Course offers real lesson


As I journey through my initial year as president of Davis & Elkins College, I continue to experience “firsts.”  Recently, I slipped into the back row of a session of Congress … D&E style.

During three weeks in January, the college offers a Winter Symposium, required for all first-year students.  This three-week course is an immersive opportunity in democracy, designed to be intensive and experiential.  Led by D&E faculty and staff, as well as guest presenters, students become participants in our unique system of government. They experience firsthand the glories and the foibles of a representative democracy. Lining up on opposing sides of a contemporary issue, they must choose if their debate will be civil discourse or partisan rancor.  The importance and vitality of an informed electorate and an invested populace come into focus for student members of the House and Senate. Passion emerges as participants move to the microphone to speak for or against an amendment, or to urge passage or defeat of a bold proposal.

As the “House of Representatives” at D&E debated a bill relating to the deployment of U.S. forces in the fight against ISIS, the “Senate” wrestled with pharmaceutical companies that gouge vulnerable consumers needing life-saving medication. As the “student lawmakers” learned parliamentary procedure through Robert’s Rules of Orders, they also were learning about the core of that which they believe, the essence of ethics and morality, and the unwieldy but necessary process of arriving at consensus when living in a society of people with differing values, opinions and agendas. These are the valuable lessons of life that will serve these young men and women well beyond their years on the D&E campus.  In fact, these are the lessons that have served our country well for more than two centuries.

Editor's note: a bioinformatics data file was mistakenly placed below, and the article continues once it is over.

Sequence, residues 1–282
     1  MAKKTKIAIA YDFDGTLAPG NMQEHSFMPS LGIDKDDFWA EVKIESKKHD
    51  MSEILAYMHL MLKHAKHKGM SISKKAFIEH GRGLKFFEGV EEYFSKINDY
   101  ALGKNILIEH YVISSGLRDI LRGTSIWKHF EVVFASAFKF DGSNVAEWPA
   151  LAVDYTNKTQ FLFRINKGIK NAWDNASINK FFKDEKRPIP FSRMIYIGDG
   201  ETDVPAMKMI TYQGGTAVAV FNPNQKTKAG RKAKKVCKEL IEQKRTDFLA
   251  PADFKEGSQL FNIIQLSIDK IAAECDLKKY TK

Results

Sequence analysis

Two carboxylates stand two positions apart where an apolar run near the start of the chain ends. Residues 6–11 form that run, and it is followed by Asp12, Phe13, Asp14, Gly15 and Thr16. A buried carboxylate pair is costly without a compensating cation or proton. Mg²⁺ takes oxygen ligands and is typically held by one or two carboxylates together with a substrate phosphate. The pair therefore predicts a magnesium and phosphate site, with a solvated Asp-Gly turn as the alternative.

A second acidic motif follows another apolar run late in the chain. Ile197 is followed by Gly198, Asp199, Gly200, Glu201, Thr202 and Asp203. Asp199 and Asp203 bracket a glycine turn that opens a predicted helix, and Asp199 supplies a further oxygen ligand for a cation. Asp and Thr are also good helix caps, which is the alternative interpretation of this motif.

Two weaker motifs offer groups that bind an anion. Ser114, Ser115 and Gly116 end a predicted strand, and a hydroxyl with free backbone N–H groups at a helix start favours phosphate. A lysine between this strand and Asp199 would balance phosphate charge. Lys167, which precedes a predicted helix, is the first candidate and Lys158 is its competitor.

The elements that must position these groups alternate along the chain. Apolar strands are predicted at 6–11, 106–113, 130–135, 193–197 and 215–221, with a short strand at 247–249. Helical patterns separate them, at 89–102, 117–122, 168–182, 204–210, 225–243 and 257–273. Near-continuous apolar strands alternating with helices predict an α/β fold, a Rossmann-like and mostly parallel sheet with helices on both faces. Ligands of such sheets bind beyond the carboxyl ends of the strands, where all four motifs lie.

I choose not to use this weekly communication to espouse my own political views; however, I strongly support the education of our students in the issues of our time, understanding the workings of our political system, the importance of participatory democracy and an appreciation of the role of civil discourse in our society.  Students at Davis & Elkins College are experiencing all of this and then some.

Whether or not any of these students ever end up in the actual Congress, State House or City Council chamber, their experiential lessons from this Winter Symposium will make them more informed and engaged citizens. It is my sincere hope that this experience will also help them lead the way within our country to a return to spirited but civil discourse in our politics. As our students are learning, we can disagree with one another on policy and yet still respect one another as fellow citizens of our democracy.  With the present state of our political discourse in the United States, I long for the lessons of the “D&E Congress” to become the norm for our land.

Our students give me hope as the journey continues. …

Chris A Wood is president at Davis & Elkins College.